An American in Oz: A Trial Lawyer’s Thoughts on Advocacy
Examination in chief is not the most important part of a trial; your opening address is, in my view, the most important. Examination in chief is not hardest; cross examination is the hardest. It is not the most fun, your closing address is the most fun. Unfortunately, examination in chief is necessary if you are to put on a prima facie case or a good defence. Sadly, the principal feature of examination in chief is that it is boring.
Courts have responded to this by increasingly replacing live examination in chief with affidavits and statutory declarations for percipient witnesses and reports for experts. Despite this trend, there are still many occasions where we have to lead a witness in our case and conduct examination in chief. This brief article, and next month’s will suggest some techniques to make this necessary evil as effective and interesting as possible. This month we will focus on the witness’s role and next month on your role as the examiner.
As a barrister your job is to orchestrate the witnesses who will be telling your client’s story while being as interesting as possible. Except in the most unusual matter, where you have a case with sex appeal and engaging witnesses, it will still be, despite your best efforts, boring. Many lawyers make it even more boring by using formal language, incantations, stupid questions, and poor use or non-use of demonstrative evidence.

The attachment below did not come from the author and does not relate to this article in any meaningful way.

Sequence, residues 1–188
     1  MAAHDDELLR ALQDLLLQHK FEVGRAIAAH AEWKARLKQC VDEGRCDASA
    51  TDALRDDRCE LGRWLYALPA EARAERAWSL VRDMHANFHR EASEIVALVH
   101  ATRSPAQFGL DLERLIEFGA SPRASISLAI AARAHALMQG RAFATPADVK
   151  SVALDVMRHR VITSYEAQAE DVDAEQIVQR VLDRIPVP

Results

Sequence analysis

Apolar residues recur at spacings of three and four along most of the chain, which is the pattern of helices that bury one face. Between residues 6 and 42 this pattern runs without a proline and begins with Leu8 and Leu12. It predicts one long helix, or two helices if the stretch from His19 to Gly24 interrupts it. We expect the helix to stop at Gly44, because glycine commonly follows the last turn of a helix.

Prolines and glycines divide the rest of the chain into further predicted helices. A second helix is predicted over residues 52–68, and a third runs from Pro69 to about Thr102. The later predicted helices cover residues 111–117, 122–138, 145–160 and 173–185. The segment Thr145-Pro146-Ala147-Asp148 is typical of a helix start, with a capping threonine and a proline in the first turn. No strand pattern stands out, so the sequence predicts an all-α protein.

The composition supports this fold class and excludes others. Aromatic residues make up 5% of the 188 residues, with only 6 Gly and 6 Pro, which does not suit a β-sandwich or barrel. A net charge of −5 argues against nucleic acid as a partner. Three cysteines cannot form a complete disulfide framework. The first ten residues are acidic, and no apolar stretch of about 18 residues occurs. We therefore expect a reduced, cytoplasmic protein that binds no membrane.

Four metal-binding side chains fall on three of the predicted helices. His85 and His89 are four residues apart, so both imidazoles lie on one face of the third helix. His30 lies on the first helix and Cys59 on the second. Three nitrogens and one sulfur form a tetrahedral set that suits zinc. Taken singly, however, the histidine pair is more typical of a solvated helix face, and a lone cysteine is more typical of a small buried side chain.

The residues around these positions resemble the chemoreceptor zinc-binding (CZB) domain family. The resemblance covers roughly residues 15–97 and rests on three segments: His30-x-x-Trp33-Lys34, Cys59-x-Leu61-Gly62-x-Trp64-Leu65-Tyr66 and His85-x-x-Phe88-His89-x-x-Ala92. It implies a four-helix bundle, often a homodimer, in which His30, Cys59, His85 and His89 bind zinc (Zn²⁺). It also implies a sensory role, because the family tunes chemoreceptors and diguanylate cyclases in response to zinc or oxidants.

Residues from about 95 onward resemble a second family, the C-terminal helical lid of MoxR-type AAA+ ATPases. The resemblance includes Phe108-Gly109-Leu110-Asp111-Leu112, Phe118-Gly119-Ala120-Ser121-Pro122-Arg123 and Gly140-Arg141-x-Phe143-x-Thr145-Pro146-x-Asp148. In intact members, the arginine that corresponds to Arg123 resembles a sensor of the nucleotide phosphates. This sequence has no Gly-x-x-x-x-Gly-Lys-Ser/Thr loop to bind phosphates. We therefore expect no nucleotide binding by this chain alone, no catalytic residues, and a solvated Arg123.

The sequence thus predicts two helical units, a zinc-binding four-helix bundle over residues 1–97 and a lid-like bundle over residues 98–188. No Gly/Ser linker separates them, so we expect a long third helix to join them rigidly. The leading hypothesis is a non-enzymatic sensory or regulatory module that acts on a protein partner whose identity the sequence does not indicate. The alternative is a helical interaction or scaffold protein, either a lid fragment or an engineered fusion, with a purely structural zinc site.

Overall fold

In America we spend a great deal of time preparing witnesses. While that practice is far more limited here, some preparation is both proper and necessary.
A brief anecdote will illustrate the need for at least agreeing with your key witnesses on what you will be doing. The scene is a criminal court in the US, the case is murder. The case against the defendant is circumstantial, but compelling. The prosecution’s major obstacle is the lack of a body – the police never found the body of the victim. The prosecution evidence has gone in and it is damning, despite the lack of the body. The lawyer for the defence has put on no witnesses and it is time for closing arguments. He is left with only one issue: reasonable doubt.
He stands to address the jury:
“Ladies and gentlemen, I have a surprise for you, in exactly one minute the alleged victim, the alleged decedent, will walk through the doors of this court room.”
He looks conspicuously at his watch. The jurors all swing their heads and stare intently at the doors of court. Silence is total. A minute creeps by. Nothing happens. The lawyer again addresses the jury: